Yesterday, US-based major crypto exchange Coinbase warned of a scathing report in The New York Times, and, today, the major news outlet published the article, stating that 15 former Coinbase employees who have either quit or were fired from the company have one thing in common — they were all Black.
Coinbase employs 600 people, 3% of whom are Black, according to the Times report. Nearly a dozen of the aforementioned subset reportedly told the human resources department that they had suffered “racist or discriminatory treatment,” the report said, citing five undisclosed people with knowledge of the situation. The Times story also features Coinbase’s reaction to the Black Lives Matter movement, which reportedly left employees feeling “disappointed” by the silence of CEO Brian Armstrong.
Armstrong is on the defense, calling any allegations of discrimination “false.” Coinbase claims that “only three” people out of the 11 mentioned in the article actually filed official complaints during their tenures. One of them was Layllen Sawyerr, who is Black and who quit Coinbase in 2018. Sawyerr told the Times,
“It was the first time I realized what racism felt like in the modern world. I felt like I was being bullied every day at work.”
Coinbase reportedly determined that Sawyerr’s complaint was “unsubstantiated.”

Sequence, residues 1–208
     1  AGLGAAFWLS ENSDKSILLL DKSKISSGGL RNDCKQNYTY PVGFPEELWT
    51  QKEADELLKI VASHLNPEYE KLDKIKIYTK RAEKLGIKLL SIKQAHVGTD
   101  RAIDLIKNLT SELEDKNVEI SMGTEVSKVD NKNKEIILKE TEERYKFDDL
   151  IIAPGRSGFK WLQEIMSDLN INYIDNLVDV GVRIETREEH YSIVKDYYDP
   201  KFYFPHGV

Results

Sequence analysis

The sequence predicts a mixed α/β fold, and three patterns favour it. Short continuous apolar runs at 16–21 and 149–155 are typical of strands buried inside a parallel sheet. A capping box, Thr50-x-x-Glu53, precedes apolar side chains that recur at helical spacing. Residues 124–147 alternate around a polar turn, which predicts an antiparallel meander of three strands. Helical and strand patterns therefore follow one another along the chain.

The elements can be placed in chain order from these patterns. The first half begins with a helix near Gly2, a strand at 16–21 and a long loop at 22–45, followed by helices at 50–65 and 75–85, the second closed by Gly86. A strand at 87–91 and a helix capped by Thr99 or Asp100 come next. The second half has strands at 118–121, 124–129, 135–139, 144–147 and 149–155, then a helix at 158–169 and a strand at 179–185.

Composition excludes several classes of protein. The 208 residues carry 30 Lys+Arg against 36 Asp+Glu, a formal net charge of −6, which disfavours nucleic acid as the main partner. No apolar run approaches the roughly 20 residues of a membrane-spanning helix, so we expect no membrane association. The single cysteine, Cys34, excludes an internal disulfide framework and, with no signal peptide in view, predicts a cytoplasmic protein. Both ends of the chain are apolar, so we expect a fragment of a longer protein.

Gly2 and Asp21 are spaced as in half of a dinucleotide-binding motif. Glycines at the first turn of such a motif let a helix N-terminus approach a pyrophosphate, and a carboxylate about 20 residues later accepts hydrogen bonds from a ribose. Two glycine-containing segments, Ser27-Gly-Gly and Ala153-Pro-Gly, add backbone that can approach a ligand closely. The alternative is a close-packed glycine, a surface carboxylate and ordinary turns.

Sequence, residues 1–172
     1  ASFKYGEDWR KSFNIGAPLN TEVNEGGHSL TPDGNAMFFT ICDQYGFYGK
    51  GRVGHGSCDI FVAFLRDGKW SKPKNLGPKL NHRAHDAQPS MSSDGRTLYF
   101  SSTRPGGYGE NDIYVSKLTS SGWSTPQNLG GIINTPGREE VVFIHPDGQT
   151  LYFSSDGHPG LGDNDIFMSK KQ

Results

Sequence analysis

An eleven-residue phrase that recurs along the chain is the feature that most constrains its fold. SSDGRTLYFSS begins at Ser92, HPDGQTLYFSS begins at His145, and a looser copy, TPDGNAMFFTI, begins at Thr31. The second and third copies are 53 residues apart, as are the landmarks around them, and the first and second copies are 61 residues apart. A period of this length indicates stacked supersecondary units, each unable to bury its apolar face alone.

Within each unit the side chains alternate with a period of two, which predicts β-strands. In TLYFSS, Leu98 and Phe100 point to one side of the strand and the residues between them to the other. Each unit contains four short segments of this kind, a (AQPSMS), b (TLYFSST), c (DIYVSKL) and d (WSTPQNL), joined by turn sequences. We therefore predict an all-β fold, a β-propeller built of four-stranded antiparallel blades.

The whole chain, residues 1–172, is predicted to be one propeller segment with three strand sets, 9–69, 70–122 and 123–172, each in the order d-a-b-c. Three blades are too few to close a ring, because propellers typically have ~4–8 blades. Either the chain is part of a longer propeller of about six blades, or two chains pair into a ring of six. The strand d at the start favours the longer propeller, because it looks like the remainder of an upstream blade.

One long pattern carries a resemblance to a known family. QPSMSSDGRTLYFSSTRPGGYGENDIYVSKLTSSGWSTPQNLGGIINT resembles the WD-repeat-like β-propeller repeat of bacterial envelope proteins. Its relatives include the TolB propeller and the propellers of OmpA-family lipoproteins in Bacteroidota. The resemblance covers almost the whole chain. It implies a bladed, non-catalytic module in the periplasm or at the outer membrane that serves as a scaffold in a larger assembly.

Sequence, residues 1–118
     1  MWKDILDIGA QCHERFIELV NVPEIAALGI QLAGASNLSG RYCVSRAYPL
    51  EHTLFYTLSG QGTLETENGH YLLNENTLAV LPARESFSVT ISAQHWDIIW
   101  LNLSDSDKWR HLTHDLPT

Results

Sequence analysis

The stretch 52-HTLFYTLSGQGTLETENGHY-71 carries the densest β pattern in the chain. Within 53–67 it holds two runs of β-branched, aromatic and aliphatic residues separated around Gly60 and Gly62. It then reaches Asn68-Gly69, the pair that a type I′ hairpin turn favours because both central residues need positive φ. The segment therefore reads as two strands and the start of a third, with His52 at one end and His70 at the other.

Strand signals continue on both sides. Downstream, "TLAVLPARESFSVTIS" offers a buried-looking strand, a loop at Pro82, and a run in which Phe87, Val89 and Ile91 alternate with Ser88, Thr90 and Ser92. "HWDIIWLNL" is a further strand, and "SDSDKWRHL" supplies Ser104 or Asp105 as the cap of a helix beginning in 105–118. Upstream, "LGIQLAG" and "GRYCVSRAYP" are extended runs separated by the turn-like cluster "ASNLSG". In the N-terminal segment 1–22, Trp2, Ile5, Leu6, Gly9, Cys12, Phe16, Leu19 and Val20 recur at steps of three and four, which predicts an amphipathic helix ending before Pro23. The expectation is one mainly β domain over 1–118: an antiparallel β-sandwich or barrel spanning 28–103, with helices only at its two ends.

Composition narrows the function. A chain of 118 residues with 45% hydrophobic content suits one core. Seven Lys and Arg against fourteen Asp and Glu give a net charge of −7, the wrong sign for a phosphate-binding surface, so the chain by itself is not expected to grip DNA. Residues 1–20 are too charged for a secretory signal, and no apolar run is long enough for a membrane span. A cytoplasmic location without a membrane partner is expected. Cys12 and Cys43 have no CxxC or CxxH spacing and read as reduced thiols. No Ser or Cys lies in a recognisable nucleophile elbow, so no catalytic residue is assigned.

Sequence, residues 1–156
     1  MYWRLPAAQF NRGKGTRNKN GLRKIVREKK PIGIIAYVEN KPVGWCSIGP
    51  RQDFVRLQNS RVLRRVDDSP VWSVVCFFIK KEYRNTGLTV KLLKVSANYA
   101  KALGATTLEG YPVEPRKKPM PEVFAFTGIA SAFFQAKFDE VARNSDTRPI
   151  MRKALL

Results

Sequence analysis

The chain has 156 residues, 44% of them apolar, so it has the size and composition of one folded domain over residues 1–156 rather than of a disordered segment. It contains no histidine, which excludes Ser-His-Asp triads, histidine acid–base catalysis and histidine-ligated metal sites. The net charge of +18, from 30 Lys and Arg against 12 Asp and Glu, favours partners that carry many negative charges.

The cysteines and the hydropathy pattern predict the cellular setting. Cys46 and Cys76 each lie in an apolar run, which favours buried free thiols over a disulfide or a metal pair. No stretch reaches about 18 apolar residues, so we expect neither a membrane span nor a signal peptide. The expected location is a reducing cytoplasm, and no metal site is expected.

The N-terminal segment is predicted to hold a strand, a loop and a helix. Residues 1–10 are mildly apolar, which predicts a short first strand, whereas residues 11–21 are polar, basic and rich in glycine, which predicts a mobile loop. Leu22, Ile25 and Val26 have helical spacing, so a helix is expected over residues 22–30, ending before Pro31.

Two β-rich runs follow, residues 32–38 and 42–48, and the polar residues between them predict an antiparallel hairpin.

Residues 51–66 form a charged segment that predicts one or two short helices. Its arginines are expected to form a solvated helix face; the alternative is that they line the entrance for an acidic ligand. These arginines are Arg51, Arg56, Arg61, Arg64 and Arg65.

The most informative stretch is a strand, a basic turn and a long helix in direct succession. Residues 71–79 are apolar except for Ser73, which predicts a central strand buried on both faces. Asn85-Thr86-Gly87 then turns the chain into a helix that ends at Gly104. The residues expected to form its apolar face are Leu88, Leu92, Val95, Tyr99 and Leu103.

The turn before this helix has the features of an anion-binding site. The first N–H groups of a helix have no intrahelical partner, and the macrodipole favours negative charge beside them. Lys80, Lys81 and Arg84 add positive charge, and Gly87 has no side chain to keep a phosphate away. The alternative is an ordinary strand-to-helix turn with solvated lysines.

Also among the complaints documented in the NYT article, former recruiter at the company, Alysa Butler, stated that she was made to feel “invisible” and left out from important discussions, claims that she says she made clear to her manager.
“Most people of color working in tech know that there’s a diversity problem. But I’ve never experienced anything like Coinbase,” Butler, who resigned from the company in April 2019, told the Times.
Coinbase reportedly told the Times that it has no record of Ms. Butler’s official complaint.
The exchange went on to say that the complaints that were filed were “thoroughly investigated” both through an internal probe and by outside parties, the result of which was “no evidence of wrongdoing.” As a result, Coinbase said it made it clear to the NYT that the claims “were unsubstantiated.”
Overall, Coinbase appears to be taking the bad press on the chin, maintaining that they “take all allegations of inappropriate workplace behavior seriously” and that they “do not tolerate harassment or discrimination.” And considering all the attention that bitcoin (BTC) has been getting lately, the Coinbase management team is also predicting that as the company grows, there will be “more, not less, media coverage,” of both the positive and negative sort.
“As Brian shared with the ColorBlock ERG this morning, we don’t care what The New York Times thinks. The most important thing we care about is you, our employees, and what you think,” the company said.
Coinbase declined to comment any further when contacted by Cryptonews.com..